This afternoon was the perfect day for a tour of the Genesee River and Erie Canal on the Mary Jemison, a historic boat serving as Rochester’s Corn Hill Navigation vessel. Corn Hill Navigation also has a boat that works out of Pittsford, the Sam Patch. Docked at Corn Hill Landing in the city, there is a great view of the boat with a backdrop of the beautiful Rochester city skyline.
The vessel is historic in its own right, having been constructed in 1931 in Virginia as a Chesapeake Bay working boat.
“…She hauled daily oyster catches purchased from Maryland fishermen to packing houses and markets on the bay. By mid-century, when many buy boats were scrapped and replaced as freight haulers by trucks, she was converted to a double decked sightseeing boat and joined the fleet of Atlantic City restaurateur Captain Clarence Starns. In the late 1980s, the vessel began operating on the Erie Canal in central New York. Corn Hill Navigation purchased and launched Mary Jemison in 2005 as work on the Erie Harbor Riverwalk and Corn Hill Landing development in downtown Rochester neared completion.” (source)
The Mary Jemison is named after a historic individual – Mary Jemison, of course, who was also referred to as the ‘White woman of the Genesee.’ “An Irish-American woman born en route to the U.S., Mary Jemison chose to remain with her adoptive Seneca family after being taken captive as a child during the French and Indian wars. She lived for many years along the banks of the Genesee with her adopted people, the Haudenosaunee Iroquois, in what is now Letchworth State Park.” (source) You can read more about Jemison here.
The boat cruise begins in Corn Hill Landing, and as it passes through the Corn Hill district, a narrator discusses the significance of this historic Rochester neighborhood. The boat then passes several historic Rochesterian locations during its hour and a half journey, including the U or R river campus, the Ford Street Bridge, Mt. Hope Cemetery (which everyone knows I love), Genesee Valley Park - designed by Frederick Law Olmsted (whom I also love), and many other notable sights along the river and canal. Of course, both the river and the canal present opportunities for intriguing historical discussion, both being essential to the growth of Rochester and it’s success as America’s first inland boom town.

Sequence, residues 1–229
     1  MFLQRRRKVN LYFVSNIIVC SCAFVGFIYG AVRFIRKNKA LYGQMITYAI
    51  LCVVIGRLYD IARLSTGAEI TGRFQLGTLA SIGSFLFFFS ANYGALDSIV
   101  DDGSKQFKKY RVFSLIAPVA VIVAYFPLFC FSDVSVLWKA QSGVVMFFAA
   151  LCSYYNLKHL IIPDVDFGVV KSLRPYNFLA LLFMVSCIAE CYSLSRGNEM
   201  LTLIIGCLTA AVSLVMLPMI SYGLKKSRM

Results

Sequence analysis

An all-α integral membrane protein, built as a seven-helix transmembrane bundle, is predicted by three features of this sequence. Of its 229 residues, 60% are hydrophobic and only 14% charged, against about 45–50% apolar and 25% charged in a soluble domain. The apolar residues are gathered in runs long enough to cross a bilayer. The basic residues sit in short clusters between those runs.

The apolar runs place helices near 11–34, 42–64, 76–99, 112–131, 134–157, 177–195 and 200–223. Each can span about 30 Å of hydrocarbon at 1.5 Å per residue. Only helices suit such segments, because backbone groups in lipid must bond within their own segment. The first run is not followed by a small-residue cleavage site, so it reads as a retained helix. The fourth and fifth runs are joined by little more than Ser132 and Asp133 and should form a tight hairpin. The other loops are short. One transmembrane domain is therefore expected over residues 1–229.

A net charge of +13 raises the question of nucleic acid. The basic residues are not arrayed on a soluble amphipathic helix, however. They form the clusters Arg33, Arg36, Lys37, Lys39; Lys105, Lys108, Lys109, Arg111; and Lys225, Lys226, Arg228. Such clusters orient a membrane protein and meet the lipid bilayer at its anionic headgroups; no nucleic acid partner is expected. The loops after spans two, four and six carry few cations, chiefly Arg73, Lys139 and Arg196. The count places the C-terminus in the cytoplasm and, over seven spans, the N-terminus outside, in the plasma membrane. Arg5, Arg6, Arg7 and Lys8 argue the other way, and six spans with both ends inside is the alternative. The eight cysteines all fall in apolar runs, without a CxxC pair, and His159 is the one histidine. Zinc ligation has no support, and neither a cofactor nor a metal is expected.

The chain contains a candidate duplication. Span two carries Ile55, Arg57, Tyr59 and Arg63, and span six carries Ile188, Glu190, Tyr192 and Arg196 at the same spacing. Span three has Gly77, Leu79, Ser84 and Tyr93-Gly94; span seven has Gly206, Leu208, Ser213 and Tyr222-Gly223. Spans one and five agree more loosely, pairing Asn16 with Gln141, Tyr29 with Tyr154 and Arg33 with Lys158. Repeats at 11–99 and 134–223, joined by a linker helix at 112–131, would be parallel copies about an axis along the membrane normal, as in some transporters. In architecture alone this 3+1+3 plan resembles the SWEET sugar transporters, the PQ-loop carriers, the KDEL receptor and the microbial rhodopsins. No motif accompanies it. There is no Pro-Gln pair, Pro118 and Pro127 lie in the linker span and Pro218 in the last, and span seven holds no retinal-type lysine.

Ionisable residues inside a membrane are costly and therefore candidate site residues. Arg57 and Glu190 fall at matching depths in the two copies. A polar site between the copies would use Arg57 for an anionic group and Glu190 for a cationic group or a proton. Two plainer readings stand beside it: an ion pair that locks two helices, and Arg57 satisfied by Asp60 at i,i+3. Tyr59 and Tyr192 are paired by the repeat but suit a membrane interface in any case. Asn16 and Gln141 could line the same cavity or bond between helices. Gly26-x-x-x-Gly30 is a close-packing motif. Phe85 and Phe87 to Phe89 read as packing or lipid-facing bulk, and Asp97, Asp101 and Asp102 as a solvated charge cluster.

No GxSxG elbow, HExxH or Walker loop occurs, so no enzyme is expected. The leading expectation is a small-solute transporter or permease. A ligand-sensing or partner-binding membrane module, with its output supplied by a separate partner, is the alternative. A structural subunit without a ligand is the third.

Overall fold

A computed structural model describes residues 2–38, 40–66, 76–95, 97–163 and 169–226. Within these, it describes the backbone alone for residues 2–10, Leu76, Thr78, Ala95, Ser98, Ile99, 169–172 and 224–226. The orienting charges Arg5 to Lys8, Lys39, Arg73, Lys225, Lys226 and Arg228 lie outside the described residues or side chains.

Check out the location of the Mary Jemison here, from above:
Below, you can watch a little snippet of the discussion regarding the history of Rochester’s Corn Hill district (unmute for sound).
In my master’s thesis (‘Romanticism and Ruralism’) you can read more about Rochester’s 19th century history, specifically Mt. Hope Cemetery, the works of Frederick Law Olmstead, and the Rochester park reform movement. The Genesee River was considered by Olmstead to be a key feature in many of his works of landscape architecture, as Olmsted believed in crafting his designs in relation to the pre-existing natural landscapes.
Click here to book a cruise on the Sam Patch or Mary Jemison! It’s a must for Rochester city lovers, or those interested in learning a bit more about the complex history of the region.